6 August 2015
In a world without dependencies, projects would exist in isolation, wouldn’t need help from an internal/external teams or vendors, wouldn’t be affected by business changes, and requirements would remain constant. If this were true, project and program managers could just skip managing dependencies.
In reality, this isn’t true and it’s why PMs must spend more time and energy than they’d like dealing with complex dependencies. In real world projects—especially software projects—teams usually rely on other pieces of work being finished/started before they can do their own work. So even if you’re lucky enough to be a part of a project with no dependencies, chances are some other project will depend on your team’s work to achieve their goals.
So since dependencies are a fact of life for program managers, you might as well be aware of the many ways they can cause trouble for your program. Here are a few of the core problems we’ve noticed with dependencies.
Making dependencies visible (and then managing them across projects) is probably the most important problem(s) we’ve encountered.
Traditionally, people have tried to identify dependencies beforehand using help from the most knowledgeable and experienced software professionals on their project. But no matter how hard they try, with software projects there’s always something that’s missed. Due to the ever-changing nature of software products, the majority of dependencies are identified during implementation. With the current state of tools, these dependencies are too-often made visible via some kind of half-baked solution (Excel sheet, stickies on a card wall, emails, blocked stories in the backlog, etc).
The current state of tools results in managers spending a lot of time doing things manually, whether it’s making a list of a projects’ dependencies, info-gathering to understand a dependency’s effects on the program, or even just trying to grok the resolving teams’ methodology. Each manager may use a different solution, which only compounds the difficulty of managing the dependency efficiently.
The dependency management process may drag on for days and necessitate help from various sets of people. This results in delays that can adversely affect the people, projects and programs involved. A real solution to this problem requires end-to-end visibility on a dependency from when it’s raised until it’s resolved. This visibility should be not only for an individual project, but also across projects and across different roles so that all can help in the identification, scheduling, tracking and resolution of the dependencies.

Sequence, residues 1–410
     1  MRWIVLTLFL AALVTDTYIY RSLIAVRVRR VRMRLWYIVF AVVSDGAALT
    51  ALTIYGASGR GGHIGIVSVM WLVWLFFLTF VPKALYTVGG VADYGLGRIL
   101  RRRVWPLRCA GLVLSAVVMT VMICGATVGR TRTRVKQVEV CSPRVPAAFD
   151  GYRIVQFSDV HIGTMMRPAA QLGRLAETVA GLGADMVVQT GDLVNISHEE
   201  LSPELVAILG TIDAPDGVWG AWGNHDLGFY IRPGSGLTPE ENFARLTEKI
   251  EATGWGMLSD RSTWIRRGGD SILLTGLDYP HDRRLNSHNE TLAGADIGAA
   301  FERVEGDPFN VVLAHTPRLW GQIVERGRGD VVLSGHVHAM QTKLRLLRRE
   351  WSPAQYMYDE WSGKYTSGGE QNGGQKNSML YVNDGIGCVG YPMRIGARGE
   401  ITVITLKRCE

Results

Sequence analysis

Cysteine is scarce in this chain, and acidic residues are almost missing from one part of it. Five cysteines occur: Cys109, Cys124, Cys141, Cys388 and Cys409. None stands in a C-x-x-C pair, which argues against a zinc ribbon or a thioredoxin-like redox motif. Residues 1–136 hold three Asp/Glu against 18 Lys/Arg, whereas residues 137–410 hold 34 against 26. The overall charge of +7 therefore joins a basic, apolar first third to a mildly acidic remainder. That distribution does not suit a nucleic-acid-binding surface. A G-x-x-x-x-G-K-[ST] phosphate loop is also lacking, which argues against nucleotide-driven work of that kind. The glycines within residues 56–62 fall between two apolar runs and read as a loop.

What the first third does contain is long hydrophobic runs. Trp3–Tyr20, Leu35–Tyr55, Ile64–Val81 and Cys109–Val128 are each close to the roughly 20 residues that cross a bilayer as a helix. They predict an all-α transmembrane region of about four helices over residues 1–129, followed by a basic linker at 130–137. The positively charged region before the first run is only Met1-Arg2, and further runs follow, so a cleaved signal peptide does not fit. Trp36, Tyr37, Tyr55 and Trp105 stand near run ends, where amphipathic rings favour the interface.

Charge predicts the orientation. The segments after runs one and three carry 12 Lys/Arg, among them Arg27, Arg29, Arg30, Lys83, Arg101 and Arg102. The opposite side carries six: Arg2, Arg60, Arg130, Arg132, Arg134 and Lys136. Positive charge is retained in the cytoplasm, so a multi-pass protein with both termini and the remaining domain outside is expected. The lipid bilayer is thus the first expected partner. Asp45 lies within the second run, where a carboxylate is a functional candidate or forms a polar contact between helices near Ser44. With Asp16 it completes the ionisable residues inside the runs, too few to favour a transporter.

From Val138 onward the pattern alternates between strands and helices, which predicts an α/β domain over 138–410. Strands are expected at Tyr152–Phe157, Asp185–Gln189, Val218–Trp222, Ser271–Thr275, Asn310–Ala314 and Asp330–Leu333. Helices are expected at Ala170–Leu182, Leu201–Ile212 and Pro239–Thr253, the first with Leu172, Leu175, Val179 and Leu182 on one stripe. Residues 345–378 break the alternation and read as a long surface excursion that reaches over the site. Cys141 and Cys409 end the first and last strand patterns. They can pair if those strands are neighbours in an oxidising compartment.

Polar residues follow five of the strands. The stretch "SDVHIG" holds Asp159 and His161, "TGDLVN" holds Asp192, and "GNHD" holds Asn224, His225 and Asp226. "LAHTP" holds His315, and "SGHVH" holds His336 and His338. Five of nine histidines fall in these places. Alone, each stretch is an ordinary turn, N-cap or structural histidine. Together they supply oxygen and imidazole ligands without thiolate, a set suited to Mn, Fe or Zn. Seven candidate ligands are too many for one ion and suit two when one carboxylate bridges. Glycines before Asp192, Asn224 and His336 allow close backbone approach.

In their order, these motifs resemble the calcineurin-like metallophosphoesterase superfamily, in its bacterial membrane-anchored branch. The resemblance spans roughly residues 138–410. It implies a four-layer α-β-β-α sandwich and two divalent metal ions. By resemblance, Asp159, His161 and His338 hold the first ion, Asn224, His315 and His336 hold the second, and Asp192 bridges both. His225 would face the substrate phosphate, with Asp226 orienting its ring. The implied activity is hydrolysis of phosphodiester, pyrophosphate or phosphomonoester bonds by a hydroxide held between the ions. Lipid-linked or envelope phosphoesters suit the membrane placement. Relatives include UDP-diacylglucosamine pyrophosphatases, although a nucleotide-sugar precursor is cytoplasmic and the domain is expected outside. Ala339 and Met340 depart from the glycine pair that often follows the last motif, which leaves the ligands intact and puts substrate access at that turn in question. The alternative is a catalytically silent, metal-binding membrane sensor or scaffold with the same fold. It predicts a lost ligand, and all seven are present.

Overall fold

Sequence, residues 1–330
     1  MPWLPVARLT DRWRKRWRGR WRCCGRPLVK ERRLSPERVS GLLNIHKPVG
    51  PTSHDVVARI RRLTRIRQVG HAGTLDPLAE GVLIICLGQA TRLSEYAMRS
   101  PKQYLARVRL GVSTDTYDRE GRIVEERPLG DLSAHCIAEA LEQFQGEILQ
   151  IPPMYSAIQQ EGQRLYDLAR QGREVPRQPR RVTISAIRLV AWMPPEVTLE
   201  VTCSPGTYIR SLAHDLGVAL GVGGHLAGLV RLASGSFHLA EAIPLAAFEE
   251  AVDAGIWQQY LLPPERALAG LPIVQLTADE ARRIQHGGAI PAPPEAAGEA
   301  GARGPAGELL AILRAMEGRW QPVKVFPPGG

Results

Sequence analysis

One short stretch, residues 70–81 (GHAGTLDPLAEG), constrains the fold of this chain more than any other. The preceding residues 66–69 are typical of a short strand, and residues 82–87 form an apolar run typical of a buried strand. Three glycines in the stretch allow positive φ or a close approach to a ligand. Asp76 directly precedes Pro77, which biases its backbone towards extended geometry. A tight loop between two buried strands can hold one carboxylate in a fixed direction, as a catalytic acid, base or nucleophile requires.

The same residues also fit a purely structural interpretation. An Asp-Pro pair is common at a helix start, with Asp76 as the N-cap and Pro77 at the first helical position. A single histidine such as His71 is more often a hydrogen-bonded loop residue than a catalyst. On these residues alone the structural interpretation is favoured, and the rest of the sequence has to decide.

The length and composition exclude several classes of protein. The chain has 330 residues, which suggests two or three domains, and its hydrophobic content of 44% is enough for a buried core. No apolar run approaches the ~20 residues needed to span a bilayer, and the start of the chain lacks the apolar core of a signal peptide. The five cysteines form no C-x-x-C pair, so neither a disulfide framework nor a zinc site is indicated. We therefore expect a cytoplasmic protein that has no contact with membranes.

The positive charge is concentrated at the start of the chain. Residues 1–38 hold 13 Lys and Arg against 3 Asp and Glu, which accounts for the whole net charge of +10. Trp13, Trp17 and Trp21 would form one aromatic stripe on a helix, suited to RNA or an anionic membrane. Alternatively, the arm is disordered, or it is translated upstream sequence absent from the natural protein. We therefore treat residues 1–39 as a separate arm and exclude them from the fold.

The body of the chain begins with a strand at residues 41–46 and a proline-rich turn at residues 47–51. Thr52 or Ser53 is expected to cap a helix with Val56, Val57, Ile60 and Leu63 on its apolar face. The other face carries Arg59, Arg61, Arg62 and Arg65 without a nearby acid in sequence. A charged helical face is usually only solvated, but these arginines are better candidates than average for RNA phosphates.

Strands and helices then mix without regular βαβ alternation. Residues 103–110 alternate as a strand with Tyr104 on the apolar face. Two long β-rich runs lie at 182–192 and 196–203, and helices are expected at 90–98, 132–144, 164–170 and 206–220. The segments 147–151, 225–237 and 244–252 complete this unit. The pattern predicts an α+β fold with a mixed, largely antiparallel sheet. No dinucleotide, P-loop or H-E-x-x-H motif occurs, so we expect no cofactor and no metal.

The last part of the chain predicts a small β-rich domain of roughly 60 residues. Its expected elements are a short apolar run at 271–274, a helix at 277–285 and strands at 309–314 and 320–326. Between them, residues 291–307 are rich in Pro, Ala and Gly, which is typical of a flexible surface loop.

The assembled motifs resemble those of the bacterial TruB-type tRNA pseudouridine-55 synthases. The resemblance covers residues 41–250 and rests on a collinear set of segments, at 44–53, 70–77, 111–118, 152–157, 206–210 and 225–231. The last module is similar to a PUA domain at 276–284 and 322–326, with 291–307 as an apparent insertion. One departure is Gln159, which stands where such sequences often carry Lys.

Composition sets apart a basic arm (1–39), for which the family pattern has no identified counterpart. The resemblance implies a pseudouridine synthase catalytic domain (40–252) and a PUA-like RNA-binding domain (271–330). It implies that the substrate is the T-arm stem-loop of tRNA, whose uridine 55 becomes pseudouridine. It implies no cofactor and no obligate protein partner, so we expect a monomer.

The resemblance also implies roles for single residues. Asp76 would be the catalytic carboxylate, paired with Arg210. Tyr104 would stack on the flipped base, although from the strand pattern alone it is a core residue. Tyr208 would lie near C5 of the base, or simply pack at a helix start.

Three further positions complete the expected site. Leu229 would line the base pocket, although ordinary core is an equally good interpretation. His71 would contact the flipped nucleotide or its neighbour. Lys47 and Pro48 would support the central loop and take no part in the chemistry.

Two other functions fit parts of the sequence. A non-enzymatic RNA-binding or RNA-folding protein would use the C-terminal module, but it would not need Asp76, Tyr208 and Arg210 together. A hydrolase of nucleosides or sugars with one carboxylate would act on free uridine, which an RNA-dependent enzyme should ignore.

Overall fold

Often, just because a cross-project or cross-program dependency has been raised does not mean the resolving team is blocked from doing their piece of work. Also, the resolving team may not fully understand a dependency’s importance to the team raising it, or why it should be prioritised higher than another dependency. Teams are limited by their own unique priorities: they’re following their own mandates and tracking toward their own milestones, which certainly are high-priority for them. Usually, teams on the same dependency resolve their competing priorities through either yielding to the team with biggest voice or influence or utilizing good relationships with coworkers to work things out directly.
For those favoring resolution, having a list of all the dependencies raised for a team, all in one place, would be very helpful. This would facilitate a meaningful conversations between project/program managers of different projects so they can prioritise work in a meaningful way. It would also help program managers prioritize if they could filter dependencies based on criteria they choose (e.g. highest scope blocked, feature release date, request completion date, or any other custom filter).
When it comes to resolving dependencies, what works for one team does not always work for others. Teams are structured differently and many times follow different project management methods and principles. If separate teams try to follow prescribed schedules or cadences, they will find themselves quickly drowning in a barrage of meetings in an attempt to coordinate their schedules and cadences. No one enjoys having meetings all day, and it hampers actual production and adversely affects delivery. Mandating process may work for smaller projects but it often fails (or consumes a lot of time) in software projects that are larger, more complex, or have a lot of moving parts. Hence for bigger initiatives, teams trying to reduce or remove dependency-related problems should pursue a process-agnostic solution or integrate structures followed by the component teams/projects.
While these are a few of the core problems with managing dependencies, in the next blog post I will talk about concrete steps a team can take to minimise dependencies and better manage them.